It’s not exactly uncommon knowledge that charging 5p for a carrier bag caused widespread surprise and, in some cases, outrage across the UK when it was introduced in October 2015. However, despite some disruption and complaints among steadfast believers in free bags, the scheme has seen widespread success.
Tesco alone has found that, since the introduction of the charge, they have sold 1.5bn carrier bags less. The move hasn’t just worked in store, as 50% of those choosing home delivery actually decide to have their groceries arrive loose, instead of in bags. The money raised from those bags still sold has been donated to charity and so far Tesco has donated £33m to 6,400 charitable groups across the UK.
However, there is still a long road ahead as Tesco says they have still sold roughly 700m bags in the same time frame. Tesco has decided to take things a step further and change up their plans, possibly due to the fact that they are the largest remaining seller of plastic bags out of the big supermarket chains.
Introducing the 10p charge
For those of you angry at the introduction of the 5p charge, try and stay calm as you find out that Tesco is now opting for an abolition of the 5p charge and the introduction of the 10p charge instead. The move isn’t a simple way to increase revenue, the opposite in fact. The 10p charge will now be for a more robust bag-for-life, which is of better quality and durability than a single-use 5p bag. They have pledged that each time you need a new 10p bag, you simply bring the old one in and they will change it free of charge.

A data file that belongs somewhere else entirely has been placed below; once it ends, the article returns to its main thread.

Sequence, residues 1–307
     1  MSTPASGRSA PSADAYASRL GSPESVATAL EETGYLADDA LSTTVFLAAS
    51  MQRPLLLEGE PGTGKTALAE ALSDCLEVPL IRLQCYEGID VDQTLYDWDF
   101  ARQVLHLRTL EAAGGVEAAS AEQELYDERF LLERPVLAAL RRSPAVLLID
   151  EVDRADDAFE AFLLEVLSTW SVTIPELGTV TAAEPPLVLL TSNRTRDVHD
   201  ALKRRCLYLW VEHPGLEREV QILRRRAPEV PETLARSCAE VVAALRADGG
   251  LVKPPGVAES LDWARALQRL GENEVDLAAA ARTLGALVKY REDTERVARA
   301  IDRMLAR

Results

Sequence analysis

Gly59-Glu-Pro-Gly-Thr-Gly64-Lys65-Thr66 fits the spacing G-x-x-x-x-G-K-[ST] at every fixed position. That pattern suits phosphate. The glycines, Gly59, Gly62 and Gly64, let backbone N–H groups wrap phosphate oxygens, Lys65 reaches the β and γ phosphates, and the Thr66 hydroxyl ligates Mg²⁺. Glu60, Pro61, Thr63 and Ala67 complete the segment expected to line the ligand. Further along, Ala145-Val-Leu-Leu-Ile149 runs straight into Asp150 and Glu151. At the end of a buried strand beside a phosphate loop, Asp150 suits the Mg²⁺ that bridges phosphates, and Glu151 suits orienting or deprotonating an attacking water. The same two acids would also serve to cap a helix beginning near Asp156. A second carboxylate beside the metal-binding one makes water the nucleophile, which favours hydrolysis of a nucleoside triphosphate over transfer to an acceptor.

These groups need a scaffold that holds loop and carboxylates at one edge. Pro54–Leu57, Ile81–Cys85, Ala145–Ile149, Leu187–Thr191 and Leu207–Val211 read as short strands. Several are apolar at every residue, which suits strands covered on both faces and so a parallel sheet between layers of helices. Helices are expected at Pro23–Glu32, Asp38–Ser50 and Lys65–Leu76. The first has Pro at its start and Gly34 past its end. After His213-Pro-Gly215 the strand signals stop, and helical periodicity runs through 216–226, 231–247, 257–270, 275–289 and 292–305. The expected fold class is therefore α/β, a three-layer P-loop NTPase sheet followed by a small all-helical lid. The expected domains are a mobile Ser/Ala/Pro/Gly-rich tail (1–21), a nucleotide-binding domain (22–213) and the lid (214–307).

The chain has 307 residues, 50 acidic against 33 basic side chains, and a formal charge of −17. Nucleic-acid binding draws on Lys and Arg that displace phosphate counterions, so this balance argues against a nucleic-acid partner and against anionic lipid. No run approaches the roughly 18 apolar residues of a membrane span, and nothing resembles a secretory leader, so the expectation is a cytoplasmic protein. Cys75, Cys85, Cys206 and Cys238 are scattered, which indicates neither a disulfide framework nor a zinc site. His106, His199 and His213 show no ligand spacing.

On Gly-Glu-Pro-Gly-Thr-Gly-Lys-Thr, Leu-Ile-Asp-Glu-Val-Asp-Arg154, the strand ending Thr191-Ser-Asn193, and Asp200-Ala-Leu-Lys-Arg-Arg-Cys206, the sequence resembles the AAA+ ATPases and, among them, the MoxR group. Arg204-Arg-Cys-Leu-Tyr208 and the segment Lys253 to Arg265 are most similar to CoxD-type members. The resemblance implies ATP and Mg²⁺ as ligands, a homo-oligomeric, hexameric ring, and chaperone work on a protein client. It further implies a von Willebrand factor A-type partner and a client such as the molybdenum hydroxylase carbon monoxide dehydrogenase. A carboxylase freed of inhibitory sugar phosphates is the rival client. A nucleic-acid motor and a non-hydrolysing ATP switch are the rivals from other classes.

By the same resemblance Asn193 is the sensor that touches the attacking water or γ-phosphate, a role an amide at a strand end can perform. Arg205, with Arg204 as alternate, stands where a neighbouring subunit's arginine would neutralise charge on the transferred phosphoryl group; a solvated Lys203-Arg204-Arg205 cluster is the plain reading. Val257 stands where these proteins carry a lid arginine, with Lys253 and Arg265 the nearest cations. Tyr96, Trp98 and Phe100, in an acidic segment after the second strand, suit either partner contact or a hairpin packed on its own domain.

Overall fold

What are others saying?
Thérèse Coffey, the UK’s Environmental Minister, is welcoming this change by Tesco and is pleased that the supermarkets are continuing to show initiative and take matters into their own hands. Across the retail spectrum, we have seen 500m plastic bags used in the first 6 months after the introduction of the 5p charge, but in the year prior we saw 7bn bags sold. Continuing this downward trend is fantastic in reducing global use of and disposal of harmful plastics.
The only question, of course, is whether that extra 5p is enough to further motivate UK consumers and change their buying habits. Though at the same time, there were a lot of sceptics who questioned the usefulness of even a 5p charge and who thought that the cost was too small to bring about any kind of change in the way we buy bags. However, they have been proved wrong already and hopefully sceptics will be further proved wrong by this move by Tesco. The change is due to come into effect on Monday 28th August.